I am a fan of history. And any comic that reintroduces these time-lost characters to a new audience is something we all should support. Perhaps Ross and Krueger can unlock the potential these characters have and give them a second life with a whole new generation.

Also out this week:

X-Men: Legacy #208

Regular readers of this column will know how opposed I am to death in comics. But if there is one thing worse than trigger-happy writers killing characters willy-nilly, it’s when a character should be dead, but isn’t. Such is the case of Charles Xavier. He was shot directly in the head, with a bullet which entered his skull and mushed up his brains, yet he still lives.

This issue begins the struggle that Xavier goes through to climb out of his coma. The journey starts with X-villain Exodus, who may be his only hope. What are his motivations? Can Xavier trust him? Not that it matters. It’s not like Charlie can do anything about it. He’s in a freakin’ coma!

Mike Carey (W), Scot Eaton & John Romita, Jr. (A), Marvel Comics, $2.99.   Ongoing Series.

Crime Bible The Five Lessons of Blood #5:

Of all the ideas to spring from 52, the Crime Bible could be the most unique. Setting up a whole religion built around crime, structured by an unholy book of dark lessons and evil deeds? That is creepy and inventive. It takes the idea of organized crime to a whole new level, and somehow makes it even more dangerous.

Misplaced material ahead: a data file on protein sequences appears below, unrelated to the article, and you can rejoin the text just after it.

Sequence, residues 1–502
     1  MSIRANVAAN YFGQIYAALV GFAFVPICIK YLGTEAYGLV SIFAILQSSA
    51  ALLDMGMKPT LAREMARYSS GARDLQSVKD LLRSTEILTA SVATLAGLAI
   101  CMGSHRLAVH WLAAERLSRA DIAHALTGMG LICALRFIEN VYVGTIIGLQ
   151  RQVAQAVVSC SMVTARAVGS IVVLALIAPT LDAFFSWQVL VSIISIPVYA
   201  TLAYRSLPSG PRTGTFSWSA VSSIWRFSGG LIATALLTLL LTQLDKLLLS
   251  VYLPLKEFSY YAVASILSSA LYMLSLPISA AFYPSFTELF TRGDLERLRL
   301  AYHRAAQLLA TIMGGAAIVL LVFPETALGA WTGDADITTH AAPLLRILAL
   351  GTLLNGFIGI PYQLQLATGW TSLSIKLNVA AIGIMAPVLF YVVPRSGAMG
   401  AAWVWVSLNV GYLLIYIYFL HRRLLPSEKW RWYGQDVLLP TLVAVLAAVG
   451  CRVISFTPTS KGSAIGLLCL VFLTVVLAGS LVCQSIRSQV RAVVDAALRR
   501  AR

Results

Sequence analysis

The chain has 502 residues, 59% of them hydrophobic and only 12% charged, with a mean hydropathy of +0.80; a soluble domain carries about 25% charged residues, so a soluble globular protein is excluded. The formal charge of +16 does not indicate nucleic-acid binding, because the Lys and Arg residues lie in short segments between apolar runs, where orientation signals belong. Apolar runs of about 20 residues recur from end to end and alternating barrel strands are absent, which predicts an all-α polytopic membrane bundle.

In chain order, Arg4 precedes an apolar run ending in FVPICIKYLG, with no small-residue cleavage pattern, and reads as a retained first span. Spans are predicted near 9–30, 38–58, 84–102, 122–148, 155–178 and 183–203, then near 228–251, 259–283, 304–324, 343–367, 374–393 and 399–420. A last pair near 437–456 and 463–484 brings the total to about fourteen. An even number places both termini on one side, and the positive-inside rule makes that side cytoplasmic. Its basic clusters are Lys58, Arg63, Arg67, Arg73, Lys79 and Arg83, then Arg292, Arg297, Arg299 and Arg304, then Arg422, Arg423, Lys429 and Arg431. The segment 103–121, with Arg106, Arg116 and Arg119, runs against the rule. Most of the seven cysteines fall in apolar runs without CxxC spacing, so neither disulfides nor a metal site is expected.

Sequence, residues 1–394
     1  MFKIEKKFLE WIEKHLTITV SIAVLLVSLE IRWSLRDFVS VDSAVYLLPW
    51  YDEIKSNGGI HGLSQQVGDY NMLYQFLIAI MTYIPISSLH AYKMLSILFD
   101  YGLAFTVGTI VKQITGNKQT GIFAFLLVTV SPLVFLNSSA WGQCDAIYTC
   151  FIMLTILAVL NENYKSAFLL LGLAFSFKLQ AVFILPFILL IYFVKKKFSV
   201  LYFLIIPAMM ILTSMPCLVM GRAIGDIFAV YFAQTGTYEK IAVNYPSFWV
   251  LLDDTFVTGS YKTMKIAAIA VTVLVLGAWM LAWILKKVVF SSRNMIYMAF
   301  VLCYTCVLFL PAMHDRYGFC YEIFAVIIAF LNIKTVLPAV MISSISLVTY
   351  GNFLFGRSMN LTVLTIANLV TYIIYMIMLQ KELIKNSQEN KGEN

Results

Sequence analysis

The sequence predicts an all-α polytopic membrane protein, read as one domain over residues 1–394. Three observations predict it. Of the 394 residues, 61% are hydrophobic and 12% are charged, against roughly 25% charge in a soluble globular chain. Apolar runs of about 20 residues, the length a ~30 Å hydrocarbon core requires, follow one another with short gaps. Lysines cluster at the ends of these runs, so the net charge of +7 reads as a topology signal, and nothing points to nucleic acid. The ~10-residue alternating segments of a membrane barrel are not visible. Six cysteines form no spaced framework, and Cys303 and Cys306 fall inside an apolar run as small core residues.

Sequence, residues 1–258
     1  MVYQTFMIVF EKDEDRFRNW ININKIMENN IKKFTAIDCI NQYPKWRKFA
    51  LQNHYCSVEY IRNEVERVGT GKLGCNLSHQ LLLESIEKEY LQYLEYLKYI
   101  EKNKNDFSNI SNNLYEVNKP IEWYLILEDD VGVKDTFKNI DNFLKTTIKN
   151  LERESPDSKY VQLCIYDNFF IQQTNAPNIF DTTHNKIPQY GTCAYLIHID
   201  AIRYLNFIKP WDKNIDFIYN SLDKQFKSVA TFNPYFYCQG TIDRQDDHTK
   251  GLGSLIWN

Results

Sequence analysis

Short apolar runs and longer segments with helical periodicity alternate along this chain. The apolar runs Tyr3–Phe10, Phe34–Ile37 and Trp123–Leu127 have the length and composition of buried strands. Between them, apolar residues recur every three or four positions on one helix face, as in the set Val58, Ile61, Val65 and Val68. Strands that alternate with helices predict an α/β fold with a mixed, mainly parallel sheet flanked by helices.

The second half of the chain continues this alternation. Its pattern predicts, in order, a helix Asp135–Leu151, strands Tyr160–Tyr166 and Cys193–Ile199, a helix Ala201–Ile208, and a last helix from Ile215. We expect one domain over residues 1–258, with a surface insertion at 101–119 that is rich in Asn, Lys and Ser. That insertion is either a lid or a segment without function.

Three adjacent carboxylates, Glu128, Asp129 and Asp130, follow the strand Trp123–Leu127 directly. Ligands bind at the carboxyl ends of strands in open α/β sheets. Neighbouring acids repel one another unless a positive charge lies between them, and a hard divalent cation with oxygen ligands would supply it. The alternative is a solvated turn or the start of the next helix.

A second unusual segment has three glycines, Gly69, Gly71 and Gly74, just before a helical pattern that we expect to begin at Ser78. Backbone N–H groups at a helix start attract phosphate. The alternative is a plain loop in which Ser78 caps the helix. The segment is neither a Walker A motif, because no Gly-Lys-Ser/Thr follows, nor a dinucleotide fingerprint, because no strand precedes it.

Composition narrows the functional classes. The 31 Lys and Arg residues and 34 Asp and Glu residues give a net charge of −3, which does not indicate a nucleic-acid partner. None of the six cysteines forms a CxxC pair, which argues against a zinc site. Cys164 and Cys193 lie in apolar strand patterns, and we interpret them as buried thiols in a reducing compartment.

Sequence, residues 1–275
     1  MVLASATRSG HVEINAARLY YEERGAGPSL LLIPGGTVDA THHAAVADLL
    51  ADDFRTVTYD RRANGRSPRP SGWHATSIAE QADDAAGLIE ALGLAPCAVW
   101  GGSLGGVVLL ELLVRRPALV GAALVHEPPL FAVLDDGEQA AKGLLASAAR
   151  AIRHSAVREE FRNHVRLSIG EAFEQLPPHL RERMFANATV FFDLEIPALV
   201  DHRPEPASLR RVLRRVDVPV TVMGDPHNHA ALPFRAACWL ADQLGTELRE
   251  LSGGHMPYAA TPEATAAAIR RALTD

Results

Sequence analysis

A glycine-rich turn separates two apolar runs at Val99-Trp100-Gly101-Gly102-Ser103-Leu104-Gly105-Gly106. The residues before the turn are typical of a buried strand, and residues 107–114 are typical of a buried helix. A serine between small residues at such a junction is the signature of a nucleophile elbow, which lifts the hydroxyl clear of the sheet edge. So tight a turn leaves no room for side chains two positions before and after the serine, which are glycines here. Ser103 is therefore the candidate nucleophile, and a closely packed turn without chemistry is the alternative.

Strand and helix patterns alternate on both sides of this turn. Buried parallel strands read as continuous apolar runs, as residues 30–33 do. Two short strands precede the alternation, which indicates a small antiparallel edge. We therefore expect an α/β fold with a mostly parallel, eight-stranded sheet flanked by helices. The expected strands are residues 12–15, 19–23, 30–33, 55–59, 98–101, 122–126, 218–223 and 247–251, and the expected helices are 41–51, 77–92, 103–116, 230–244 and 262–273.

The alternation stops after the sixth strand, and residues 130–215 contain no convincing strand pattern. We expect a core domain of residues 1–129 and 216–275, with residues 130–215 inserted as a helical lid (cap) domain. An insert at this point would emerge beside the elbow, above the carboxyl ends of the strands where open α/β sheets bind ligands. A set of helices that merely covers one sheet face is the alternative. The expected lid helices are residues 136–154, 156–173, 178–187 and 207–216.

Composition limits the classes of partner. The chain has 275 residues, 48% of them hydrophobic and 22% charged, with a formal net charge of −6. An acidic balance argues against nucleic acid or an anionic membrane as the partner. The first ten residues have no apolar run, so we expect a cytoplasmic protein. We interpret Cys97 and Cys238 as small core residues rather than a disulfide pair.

The miniseries that examined that concept comes to a close this week. Renee Montoya, the new Question, confronts the Dark Faith head on. Will she find all the answers she’s looking for? Or will she realize that some questions are better off being left unanswered—especially when they deal with the Lessons of Blood?  

Greg Rucka (W), Manuel Garcia (A), DC Comics, $2.99. Final Issue.

Marvel Zombies 2 #5:

Some people, and I was one of them, didn’t think that it was possible for the first Marvel Zombie series to have a sequel. After all, most of the Earth was already devoured by the Iron Man and the rest of his Zombie crew. And the few survivors left wouldn’t last an issue, let alone five. But the zombie popularity craze that has infected the world meant that a sequel was inevitable.